Case Preview: R (ClientEarth) v Secretary of State for the Environment, Food and Rural Affairs

Maurice Sheridan

On 7 March 2013 the Supreme Court will begin hearing the case of R (ClientEarth) v Secretary of State for the Environment, Food and Rural Affairs.

The hearing is an appeal from the Court of Appeal decision in May 2012 [[2012] EWCA Civ 897], dismissing an appeal from the High Court (Mitting J) of December 2011 [[2011] EWHC 3623 (Admin)].

The wording of the permission, granted on 19 December 2012, is as follows:

“Issue

Whether, as regards areas where compliance with nitrogen dioxide limits set out in Directive 2008/50/EC (the Air Quality Directive) cannot be achieved by 1 January 2010, the Air Quality Directive requires the Respondent to prepare an air quality plan which demonstrates compliance by 1 January 2015.”

Facts

The case concerns the proper interpretation and implementation of the Air Quality Directive. The Directive is addressed to protection of human health and the environment.

More specifically as regards this case, it addresses the establishment of air quality plans, in particular as regards this case nitrogen oxide (NO2). Article 23, as applicable to this case, requires the UK to ensure that, where NO2 levels exceed prescribed limit or target values for areas of the country (zones or agglomerations), air quality plans are established in order to achieve the relevant limit or target values by the date(s) prescribed in the Directive. In relation to NO2, (on a decreasing limit from 1999) the deadline for compliance with the prescribed limit is 1 January 2010. The actual obligation to achieve the NO2 limits is set out in Article 13.

The UK has had at least some 10 years to achieve the air quality limits in question by 1 January 2010 and to establish the required plans intended to achieve those prescribed limits by that date (further to Directive 96/62/EC and Directive 99/30/EC; the Air Quality Directive being a consolidating, simplifying and updating directive of inter alia the two former directives).

The Respondent, Defra, has proposed air quality plans (currently with the Commission), but accepts that such plans will not ensure that the prescribed NO2 limits will be achieved throughout the UK by the prescribed deadline of 1 January 2010. In some cases (23 areas) the UK estimates that the limits will not be met until 1 January 2015; in others (17 areas) not until 1 January 2020; and for London, not much before 2025.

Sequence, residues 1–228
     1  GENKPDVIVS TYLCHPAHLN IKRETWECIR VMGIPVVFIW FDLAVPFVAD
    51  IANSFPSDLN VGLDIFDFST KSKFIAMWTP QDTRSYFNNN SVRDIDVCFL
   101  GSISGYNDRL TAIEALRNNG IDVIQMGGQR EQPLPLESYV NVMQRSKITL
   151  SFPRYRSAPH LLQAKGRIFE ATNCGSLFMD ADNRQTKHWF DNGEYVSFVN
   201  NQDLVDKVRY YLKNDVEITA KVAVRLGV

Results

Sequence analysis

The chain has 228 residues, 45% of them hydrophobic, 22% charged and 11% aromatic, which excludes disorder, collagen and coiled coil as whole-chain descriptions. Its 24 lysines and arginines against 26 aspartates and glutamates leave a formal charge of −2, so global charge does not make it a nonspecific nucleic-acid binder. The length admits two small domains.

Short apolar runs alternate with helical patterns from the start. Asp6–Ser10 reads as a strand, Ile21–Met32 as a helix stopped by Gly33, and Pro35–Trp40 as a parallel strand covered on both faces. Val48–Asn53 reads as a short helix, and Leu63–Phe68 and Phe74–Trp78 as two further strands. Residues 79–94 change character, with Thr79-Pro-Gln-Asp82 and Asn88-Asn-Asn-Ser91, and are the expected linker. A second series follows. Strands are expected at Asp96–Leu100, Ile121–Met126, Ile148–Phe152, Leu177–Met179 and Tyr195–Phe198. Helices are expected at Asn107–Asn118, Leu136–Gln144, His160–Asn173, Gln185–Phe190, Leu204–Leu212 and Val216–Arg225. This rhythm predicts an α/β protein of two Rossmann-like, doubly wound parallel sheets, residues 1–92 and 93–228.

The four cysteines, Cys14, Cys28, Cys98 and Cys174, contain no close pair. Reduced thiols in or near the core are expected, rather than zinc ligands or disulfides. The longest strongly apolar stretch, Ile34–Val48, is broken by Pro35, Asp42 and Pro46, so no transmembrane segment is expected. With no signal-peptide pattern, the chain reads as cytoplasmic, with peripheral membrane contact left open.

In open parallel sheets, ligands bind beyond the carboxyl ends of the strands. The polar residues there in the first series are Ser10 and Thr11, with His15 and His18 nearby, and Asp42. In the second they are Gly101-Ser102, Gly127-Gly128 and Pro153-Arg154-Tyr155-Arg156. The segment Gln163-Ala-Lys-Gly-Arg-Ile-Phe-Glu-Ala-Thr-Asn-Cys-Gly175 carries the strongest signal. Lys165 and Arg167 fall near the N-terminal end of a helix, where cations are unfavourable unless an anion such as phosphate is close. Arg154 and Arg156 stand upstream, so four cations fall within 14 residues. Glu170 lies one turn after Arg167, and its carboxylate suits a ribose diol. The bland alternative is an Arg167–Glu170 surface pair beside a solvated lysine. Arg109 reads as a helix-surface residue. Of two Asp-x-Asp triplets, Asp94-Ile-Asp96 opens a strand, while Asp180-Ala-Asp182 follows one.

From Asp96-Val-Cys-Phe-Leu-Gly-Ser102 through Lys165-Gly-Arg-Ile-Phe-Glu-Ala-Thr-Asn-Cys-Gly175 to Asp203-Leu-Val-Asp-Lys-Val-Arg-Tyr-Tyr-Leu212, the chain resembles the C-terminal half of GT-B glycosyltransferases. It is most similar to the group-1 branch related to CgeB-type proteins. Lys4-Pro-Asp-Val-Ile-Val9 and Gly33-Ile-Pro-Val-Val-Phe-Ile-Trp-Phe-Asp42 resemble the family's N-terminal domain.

Article 22 provides a possibility for Member States to postpone the prescribed deadlines, where relevant values cannot be met by the prescribed date, by up to 5 years, here to 1 January 2015. The language of this possibility is, in the English and French (and various other languages), in the form of an apparent option – “may”.

Defra accepts that the UK is in breach of its obligations under Article 13. It is suggested by the High Court judgment that the UK is also in breach of Article 23.

ClientEarth contend that the seeming option in Article 22, when read in light of the purpose of 2008/50/EC, imposes an obligation on the UK to establish an air quality plan that will ensure the Article 13 result by, at the latest, 1 January 2015.

To that end, it sought further a declaration from the Courts that the UK was in breach of Article 13. The High Court refused to countenance making a declaration, saying that the system for enforcing the UK’s obligations were such that it lay in the hands of the Commission alone under Article 258 TFEU, and thereby, in the hands of the CJEU. The Court of Appeal did not address this issue as it considered it was moot, albeit acknowledging that issues as regards effective judicial protection were engaged but that no substantive issue as regards the same arose from a refusal to grant a declaration.

The result of the judgments in the High Court and the Court of Appeal would appear to be that it is open to the UK to choose to breach/not to act to ensure compliance with EU directives such as the Air Quality Directive intended for the protection of human health and the environment and, while the European Commission may, in its discretion, bring infraction proceedings, generally many years after the event, the domestic courts are powerless to require or ensure compliance with EU directives in such cases by the relevant national competent body/ies in a timely fashion.

Issues